AltEn Facility, Mead, Nebraska - Fact Sheet, September 2021
Geospatial Measurement of Air Pollution, Field Screening
In response to a request from the Nebraska Department of Environment and Energy (NDEE), the U.S. Environmental Protection Agency (EPA) Region 7 and Region 5 will be conducting an air monitoring survey of the closed AltEn ethanol facility near Mead, Nebraska. EPA will operate its Geospatial Measurement of Air Pollution (GMAP) air monitoring vehicle on public streets, following a path near and around the AltEn facility during the week of Sept. 13, 2021 (weather permitting). EPA will provide the collected data and mapping results to NDEE.
NDEE is the lead regulatory agency over the AltEn facility and has already conducted monitoring, including water, air, waste material, and soil sampling. The state has authorized several seed companies to develop a Remedial Action Plan under the NDEE Voluntary Cleanup Program.
Data collected from EPA’s GMAP unit during this assessment is intended to be used for air pollution screening purposes. The unit has capabilities for mobile and stationary emissions measurements, including source attribution.
Mobile Air Monitoring Overview
The GMAP unit is a mobile remote sensing unit (basically a truck) equipped with several air pollutant analyzers and technology that utilizes fast-response instruments and a global positioning system (GPS) to map air pollution around emission sources. The GMAP is designed to identify air pollution around sources of interest in communities to inform further steps. The air monitoring data can help identify airborne substances. Not all substances present at a given facility are detectable with air monitoring equipment, depending on the instrumentation. Sample results also can range from levels below detection and reporting limits to concentrations above levels of concern.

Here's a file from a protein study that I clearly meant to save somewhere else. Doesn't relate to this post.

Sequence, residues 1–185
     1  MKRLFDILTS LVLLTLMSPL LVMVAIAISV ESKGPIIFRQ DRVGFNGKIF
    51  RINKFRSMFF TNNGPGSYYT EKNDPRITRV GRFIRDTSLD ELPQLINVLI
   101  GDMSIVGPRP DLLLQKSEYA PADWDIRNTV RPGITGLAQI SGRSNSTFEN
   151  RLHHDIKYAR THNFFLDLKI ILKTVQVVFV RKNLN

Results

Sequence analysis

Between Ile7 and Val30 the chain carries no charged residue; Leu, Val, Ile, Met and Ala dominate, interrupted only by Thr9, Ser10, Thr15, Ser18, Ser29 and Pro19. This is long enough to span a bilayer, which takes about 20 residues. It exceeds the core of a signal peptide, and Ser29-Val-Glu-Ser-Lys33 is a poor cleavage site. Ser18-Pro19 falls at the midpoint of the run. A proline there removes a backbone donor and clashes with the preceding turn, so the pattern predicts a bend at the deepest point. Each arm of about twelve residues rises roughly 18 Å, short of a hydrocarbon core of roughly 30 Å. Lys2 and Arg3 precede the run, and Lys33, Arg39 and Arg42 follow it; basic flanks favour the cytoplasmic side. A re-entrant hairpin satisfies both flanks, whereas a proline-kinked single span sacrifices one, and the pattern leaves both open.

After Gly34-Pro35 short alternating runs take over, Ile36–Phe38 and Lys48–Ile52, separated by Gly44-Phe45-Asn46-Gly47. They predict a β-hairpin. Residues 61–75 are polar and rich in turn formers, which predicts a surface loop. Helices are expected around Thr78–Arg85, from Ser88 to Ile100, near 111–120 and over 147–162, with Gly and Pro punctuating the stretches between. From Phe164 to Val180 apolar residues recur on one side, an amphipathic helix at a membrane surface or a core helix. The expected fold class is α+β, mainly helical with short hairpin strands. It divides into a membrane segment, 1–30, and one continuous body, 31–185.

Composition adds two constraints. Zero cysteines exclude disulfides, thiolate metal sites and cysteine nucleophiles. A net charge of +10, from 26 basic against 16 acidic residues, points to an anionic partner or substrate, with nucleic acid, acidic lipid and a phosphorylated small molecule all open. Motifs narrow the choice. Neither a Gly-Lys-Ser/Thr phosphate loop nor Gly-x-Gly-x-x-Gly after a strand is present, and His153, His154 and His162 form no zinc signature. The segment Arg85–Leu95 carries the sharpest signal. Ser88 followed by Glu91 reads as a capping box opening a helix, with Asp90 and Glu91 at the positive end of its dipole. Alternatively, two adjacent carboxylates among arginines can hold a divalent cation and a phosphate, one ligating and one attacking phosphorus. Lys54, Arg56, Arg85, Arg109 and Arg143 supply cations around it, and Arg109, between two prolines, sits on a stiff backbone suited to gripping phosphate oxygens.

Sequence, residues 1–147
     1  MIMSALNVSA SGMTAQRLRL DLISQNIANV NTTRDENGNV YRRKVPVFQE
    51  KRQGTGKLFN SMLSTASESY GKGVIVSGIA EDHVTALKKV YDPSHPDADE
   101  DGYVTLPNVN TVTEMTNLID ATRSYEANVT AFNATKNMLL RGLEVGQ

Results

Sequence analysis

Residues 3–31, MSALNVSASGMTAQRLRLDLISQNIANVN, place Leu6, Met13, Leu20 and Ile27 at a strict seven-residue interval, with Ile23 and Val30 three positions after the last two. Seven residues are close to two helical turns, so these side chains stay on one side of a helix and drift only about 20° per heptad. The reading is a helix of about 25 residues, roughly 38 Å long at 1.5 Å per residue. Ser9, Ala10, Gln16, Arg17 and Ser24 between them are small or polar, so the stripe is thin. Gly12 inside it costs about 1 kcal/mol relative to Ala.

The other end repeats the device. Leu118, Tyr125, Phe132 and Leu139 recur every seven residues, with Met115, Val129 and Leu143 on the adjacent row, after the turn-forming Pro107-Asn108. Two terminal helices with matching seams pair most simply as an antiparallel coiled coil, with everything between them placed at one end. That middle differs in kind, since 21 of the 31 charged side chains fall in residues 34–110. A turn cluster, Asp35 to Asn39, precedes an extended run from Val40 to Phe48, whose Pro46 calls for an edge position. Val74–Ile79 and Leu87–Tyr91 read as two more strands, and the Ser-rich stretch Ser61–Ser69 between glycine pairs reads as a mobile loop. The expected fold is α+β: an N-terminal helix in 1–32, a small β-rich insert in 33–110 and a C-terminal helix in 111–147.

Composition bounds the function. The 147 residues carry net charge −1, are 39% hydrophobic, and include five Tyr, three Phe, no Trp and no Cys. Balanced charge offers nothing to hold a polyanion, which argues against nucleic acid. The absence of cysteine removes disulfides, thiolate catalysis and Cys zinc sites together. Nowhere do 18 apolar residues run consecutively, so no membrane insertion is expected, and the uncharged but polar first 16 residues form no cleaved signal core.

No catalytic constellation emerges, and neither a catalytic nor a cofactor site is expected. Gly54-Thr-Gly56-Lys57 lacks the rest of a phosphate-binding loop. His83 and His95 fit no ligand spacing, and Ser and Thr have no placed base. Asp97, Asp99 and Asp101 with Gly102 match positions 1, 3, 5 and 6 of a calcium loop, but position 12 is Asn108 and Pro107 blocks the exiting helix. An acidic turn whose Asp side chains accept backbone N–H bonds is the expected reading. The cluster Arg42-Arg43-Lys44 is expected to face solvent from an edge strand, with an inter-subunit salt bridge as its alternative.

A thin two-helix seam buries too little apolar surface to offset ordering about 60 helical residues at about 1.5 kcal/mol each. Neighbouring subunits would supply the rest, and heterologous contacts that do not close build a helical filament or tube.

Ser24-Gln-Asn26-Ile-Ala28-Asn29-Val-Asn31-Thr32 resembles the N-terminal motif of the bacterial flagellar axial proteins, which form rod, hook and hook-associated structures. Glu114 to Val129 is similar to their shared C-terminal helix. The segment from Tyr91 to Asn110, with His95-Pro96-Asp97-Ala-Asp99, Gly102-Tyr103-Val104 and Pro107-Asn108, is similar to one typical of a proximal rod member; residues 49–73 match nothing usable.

This system uses a mobile platform to measure specific chemicals in the atmosphere, including hydrogen sulfide (H2S), methane (CH4), benzene (C6H6), toluene (C7H8), p-xylene (C8H10), and sulfur dioxide (SO2). The GMAP platform also measures meteorological parameters (wind direction and speed) and GPS coordinates for each measured data point.
The GMAP mobile platform can be used to obtain highly sensitive ambient measurements to quantify air pollution concentrations, identify sources, and evaluate geospatial impacts of these specific chemicals.
This mobile platform allows EPA to identify pollutants in the air at the time of deployment to help discover potential sources. Using a mobile system gives EPA the capability to rapidly screen a large area where these potential sources may be located. This screening data is also helpful in informing future steps, including the potential need for additional monitoring.
The GMAP’s combination of equipment allows for real-time screening and mapping of pollutants while the vehicle is in motion or taking stationary measurements at facilities or in the community.
The GMAP has two operating modes:
- Mapping (collection of data while driving continuously or mobile).
- Quantification (collection of data in a stationary position within a pollutant plume).
The unit’s capabilities also include:
- Employing next-generation mobile and stationary monitoring methods to assess fence-line and near-source concentrations of hydrogen sulfide, methane, benzene, toluene, p-xylene, and sulfur dioxide.
- Applying geospatial mapping to identify “fugitive” emission sources and community exposures.
- Measuring geographically dispersed sources and isolating processes within a facility.
- Dry weather (no measurable precipitation).
- Minimum wind speed of 1 meter per second.
- Perimeter access to potential sources.
Figure 1 (at right) is an example of GMAP concentration “ribbon” results from mobile monitoring. This graphic shows the wind direction and speed depicted by the length and direction of the arrows. The measured concentrations are depicted by the area sections under the colored ribbon. The concentrations are overlaid on a map using the GPS data collected for each measurement.
Quantification – Polar Plots
EPA can use the stationary monitoring GMAP data together with the meteorological data (wind direction and speed) to generate additional concentration graphics, such as the bivariate polar plots in Figure 2 (below), to identify and better understand emission plumes. EPA can analyze the polar plots to isolate and attribute pollutant emissions to specific facilities.
Bivariate polar plots use visual imagery to illustrate:
- The direction of air emissions from the source to the monitor.
- The amount (or relative concentration) of emissions from the source.
- Learn more about NDEE’s activities at this site.
- Read an overview of NDEE’s Voluntary Cleanup Program.
Curtis Carey, Public Affairs – 913-551-7506, email@example.com